Three military sites in Northern Ireland are to be sold off by the Ministry of Defence.
Abercorn Barracks, Kinnegar Logistic Base and Volunteer Gliding School at Newtownards airfield – all in Co Down – are among more than 56 sites to be shut across the UK.
Defence Secretary Sir Michael Fallon said the defence estate was too big and costly to run, with closures paving the way for a more modern military.
The remaining operations at the three local sites will be centred on larger centres of population.
North Down DUP MLA Gordon Dunne the decision to close Kinnegar base marks the end of an era, but also presents a “fresh opportunity”.
He added: “Kinnegar Base in Holywood was once a thriving hub of activity employing up to one thousand civilian staff, which provided much needed support to the Army during the darkest days of the troubles.
“As a former MoD employee I know first hand the valuable work which went on within Kinnegar and I would like to pay tribute to the Army and civilians who worked at the base for many years.
“Kinnegar base was not just a place of employment, it was a large part of local community life where people lived and worked together.
“The decision to close Kinnegar base marks the end of an era, but also presents a fresh opportunity for the potential development of a business park or industrial opportunity.
“I will be working with the Economy Minister and Invest NI to see if it might be possible to secure the future of the site, which is in such a prime location for much needed job creation opportunities for the people of North Down.”
Sir Michael told the House of Commons: “This strategy looks ahead to 2040 to provide a better defence estate.
“An estate that supports a more efficient and effective military capability; an estate that gives our armed forces a world class base from which to work, and an estate that helps defence keep Britain safe and to promote our prosperity.”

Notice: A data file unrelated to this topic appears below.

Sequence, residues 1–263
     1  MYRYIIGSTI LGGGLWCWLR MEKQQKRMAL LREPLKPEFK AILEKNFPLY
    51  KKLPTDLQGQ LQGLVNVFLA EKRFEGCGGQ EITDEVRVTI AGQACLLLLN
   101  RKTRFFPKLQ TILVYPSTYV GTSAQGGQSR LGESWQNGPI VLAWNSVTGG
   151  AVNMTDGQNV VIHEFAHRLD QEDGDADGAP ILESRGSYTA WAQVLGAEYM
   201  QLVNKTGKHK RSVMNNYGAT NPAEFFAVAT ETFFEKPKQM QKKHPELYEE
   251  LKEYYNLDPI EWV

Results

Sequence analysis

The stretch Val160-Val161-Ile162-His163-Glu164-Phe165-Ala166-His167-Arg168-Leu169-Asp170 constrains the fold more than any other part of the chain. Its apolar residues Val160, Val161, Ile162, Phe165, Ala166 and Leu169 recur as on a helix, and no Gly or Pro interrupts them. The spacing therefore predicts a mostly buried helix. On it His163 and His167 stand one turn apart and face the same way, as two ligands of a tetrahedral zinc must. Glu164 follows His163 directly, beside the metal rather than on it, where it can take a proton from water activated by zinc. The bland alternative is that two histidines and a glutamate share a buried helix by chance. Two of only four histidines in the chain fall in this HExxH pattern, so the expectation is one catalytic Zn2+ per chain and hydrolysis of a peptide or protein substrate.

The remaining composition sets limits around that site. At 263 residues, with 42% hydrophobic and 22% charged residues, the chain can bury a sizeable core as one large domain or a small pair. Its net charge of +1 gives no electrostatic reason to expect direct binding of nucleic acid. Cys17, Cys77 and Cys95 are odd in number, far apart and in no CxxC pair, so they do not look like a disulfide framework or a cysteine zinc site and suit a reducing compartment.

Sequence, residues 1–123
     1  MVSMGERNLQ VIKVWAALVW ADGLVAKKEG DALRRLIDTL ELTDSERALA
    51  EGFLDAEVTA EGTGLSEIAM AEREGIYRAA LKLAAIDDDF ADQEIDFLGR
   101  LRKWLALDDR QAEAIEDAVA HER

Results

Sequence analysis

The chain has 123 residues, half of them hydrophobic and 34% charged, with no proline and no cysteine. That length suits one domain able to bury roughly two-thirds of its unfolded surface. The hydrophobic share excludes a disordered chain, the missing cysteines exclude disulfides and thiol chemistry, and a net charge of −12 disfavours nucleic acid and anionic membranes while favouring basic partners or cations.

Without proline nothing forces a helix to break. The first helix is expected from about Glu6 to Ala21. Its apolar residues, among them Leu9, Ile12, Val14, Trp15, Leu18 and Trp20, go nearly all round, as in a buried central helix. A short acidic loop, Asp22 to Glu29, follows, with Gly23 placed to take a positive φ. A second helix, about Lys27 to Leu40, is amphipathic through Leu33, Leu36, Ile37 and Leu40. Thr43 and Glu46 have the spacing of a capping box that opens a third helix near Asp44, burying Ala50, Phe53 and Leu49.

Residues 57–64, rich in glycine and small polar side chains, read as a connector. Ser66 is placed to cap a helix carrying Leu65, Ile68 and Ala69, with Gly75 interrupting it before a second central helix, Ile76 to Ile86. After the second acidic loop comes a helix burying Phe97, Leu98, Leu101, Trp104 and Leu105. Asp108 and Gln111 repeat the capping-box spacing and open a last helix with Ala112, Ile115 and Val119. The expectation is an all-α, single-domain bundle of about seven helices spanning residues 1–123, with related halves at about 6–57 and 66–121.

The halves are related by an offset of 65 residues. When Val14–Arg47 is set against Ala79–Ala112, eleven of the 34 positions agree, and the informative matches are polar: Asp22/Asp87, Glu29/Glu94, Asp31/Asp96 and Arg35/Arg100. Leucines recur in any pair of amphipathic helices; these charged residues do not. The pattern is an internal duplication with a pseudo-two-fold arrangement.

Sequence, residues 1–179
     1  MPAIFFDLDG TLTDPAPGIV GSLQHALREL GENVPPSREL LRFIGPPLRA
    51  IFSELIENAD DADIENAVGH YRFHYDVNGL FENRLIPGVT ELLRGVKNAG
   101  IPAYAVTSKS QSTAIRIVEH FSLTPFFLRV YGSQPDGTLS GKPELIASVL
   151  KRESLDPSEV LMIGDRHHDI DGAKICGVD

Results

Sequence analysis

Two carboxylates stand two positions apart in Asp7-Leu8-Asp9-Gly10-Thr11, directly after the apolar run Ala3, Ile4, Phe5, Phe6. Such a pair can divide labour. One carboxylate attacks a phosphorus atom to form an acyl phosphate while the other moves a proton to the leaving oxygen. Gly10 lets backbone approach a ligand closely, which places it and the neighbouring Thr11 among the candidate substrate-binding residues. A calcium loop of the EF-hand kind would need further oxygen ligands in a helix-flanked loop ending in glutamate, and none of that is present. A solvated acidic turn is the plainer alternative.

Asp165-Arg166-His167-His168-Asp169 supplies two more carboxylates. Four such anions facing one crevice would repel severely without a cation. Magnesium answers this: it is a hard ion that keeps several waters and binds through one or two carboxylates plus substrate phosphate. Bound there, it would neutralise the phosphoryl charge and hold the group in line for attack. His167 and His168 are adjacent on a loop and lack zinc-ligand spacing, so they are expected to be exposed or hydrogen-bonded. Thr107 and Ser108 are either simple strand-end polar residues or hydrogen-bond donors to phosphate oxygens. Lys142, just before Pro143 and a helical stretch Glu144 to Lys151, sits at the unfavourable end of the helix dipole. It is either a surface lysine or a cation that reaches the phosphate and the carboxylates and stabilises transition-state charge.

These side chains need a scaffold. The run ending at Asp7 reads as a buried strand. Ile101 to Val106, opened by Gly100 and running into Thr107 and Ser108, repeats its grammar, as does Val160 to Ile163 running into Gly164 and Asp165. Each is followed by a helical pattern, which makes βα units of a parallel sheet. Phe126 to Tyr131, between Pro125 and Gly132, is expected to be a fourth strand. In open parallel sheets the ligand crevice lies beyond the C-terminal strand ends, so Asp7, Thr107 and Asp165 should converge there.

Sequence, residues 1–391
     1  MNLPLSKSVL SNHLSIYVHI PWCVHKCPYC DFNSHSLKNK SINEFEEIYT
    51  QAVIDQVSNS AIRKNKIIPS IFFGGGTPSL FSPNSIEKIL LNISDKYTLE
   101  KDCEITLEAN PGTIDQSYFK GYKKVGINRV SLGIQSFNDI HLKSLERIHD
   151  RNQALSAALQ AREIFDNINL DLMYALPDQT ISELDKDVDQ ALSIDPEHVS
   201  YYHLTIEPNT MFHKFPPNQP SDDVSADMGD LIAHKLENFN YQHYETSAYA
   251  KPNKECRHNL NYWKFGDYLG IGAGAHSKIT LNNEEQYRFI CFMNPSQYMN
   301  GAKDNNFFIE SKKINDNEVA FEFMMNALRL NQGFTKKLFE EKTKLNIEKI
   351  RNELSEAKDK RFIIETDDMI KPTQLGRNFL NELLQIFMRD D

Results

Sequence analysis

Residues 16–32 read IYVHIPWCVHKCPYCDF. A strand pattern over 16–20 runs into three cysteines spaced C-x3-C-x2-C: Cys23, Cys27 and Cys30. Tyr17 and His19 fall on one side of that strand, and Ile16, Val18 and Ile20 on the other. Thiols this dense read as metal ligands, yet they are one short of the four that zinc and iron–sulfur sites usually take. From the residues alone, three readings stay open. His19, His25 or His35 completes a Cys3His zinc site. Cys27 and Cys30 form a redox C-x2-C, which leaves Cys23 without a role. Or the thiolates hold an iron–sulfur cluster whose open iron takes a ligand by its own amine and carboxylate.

Sir Michael said the changes would mean the Royal Navy remained focused on port bases and naval stations.
MPs heard that surface ships would be based in Portsmouth and Devonport, with all the United Kingdom’s submarines based on the Clyde.
There will be a specialist amphibious centre in the South West, based around Devonport, with helicopters based at Yeovilton and Culdrose.
Sir Michael added the army would have “specialised infantry” at Aldershot, mechanised wheel capability in Catterick, air assault forces in Colchester, armoured vehicle units around Salisbury Plain, medical services in the West Midlands and hubs of light infantry battalions in London, Edinburgh, Lisburn, St Athan, Blackpool and Cottesmore.
In the RAF, combat units would remain in Coningsby, Marham and Lossiemouth, with intelligence, surveillance and reconnaissance services remaining in Waddington.
Air transport will be based at Brize Norton, force protection will be based at Honington, and support enablers would be based at Wittering and Leeming.
In Scotland, eight sites will be released over the next 15 years, Sir Michael said.
He said investment in specialised centres would focus on Lossiemouth, Faslane and Leuchars.
“Contrary to some speculation and unnecessary scaremongering, Kinloss will be retained,” added Sir Michael.
In Wales, the estate will be brought together into “capability clusters”, Sir Michael said, with a specialist light infantry centre at St Athan.
In Northern Ireland, three sites will be released and the remaining operations will be centred on larger centres of population, he added.
Sir Michael said: “As we implement these plans, we will seek to minimise any disruption to the armed forces, civilians and their families, and to give as much notice as possible over planned redeployments.
“By releasing sites we no longer need, we can help build the houses we do need.
“I can confirm that the MoD now has firm plans to achieve its target to release sufficient lands to build up to 55,000 houses in this Parliament.”
Last year’s Strategic Defence and Security Review (SDSR) outlined the MoD’s aim to reduce the size of its estate by 30% before 2040.
The MoD had previously announced the closure of 35 sites, freeing up enough land for up to 39,000 new homes and potentially generating around £930 million.